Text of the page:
Barcelona's Lionel Messi,foreground, escapes Real Madrid's Cristiano Ronaldo during the Spanish La Liga soccer match between FC Barcelona and Real Madrid at the Camp Nou in Barcelona, Spain, Saturday, Dec. 3, 2016. (AP Photo/Manu Fernandez)
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RB Leipzig currently sits top of the Bundesliga and they’ve taken the German soccer scene by storm.

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They’ve also upset plenty of traditionalists in Germany with the Red Bull energy drink company bankrolling their rise through the German leagues and after being founded in 2009, just seven years later they are top of the Bundesliga, three points clear of Bayern Munich after 13 games of the season.

Now, Leipzig may have upset Cristiano Ronald and Lionel Messi.

Speaking to the Associated Press, the man who has been plotting Leipzig’s success since 2012, sporting director Ralf Rangnick, had the following to say about Messi and Ronaldo hypothetically signing for Leipzig.

“It would be absurd to think that it could work with them here,” Rangnick said. “They are both too old and too expensive.”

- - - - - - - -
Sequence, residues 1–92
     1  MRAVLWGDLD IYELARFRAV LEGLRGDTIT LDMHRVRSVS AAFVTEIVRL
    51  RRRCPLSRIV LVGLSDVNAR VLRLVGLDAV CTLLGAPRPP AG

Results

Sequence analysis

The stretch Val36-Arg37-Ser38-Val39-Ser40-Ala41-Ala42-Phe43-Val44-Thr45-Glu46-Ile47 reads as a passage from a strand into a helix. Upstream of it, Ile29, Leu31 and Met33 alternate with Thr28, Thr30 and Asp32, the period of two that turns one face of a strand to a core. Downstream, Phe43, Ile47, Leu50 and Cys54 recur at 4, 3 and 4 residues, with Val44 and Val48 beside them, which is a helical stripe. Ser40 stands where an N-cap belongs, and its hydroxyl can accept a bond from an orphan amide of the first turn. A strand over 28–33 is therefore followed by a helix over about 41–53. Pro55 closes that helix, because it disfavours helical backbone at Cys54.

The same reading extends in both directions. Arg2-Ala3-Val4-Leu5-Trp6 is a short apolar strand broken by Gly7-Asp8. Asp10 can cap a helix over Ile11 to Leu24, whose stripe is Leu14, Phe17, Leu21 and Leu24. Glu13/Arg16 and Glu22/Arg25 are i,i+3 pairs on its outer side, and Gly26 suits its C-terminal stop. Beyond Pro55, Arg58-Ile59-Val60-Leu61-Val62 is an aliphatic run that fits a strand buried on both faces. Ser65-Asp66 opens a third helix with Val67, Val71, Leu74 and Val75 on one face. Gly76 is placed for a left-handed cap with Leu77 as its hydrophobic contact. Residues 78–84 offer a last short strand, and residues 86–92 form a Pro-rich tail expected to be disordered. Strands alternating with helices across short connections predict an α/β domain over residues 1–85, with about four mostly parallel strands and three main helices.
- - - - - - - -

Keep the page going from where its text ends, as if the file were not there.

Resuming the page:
Wow.

Ronaldo is 32 and Messi is 29 and both seem to have at least five or more years left in the tank for Real and Barca respectively.

However, Rangnick’s comments are perhaps more about the make up of Leipzig’s team which is the youngest in the Bundesliga and as the architect of this squad he has purposefully constructed a strong youth element which has helped his side rise from the fourth division and up into the German top-flight.

RB Leipzig is widely disliked in Germany for being owned by Red Bull who have spent huge sums of money, and now they’ve just blown their chance of ever signing Ronaldo or Messi.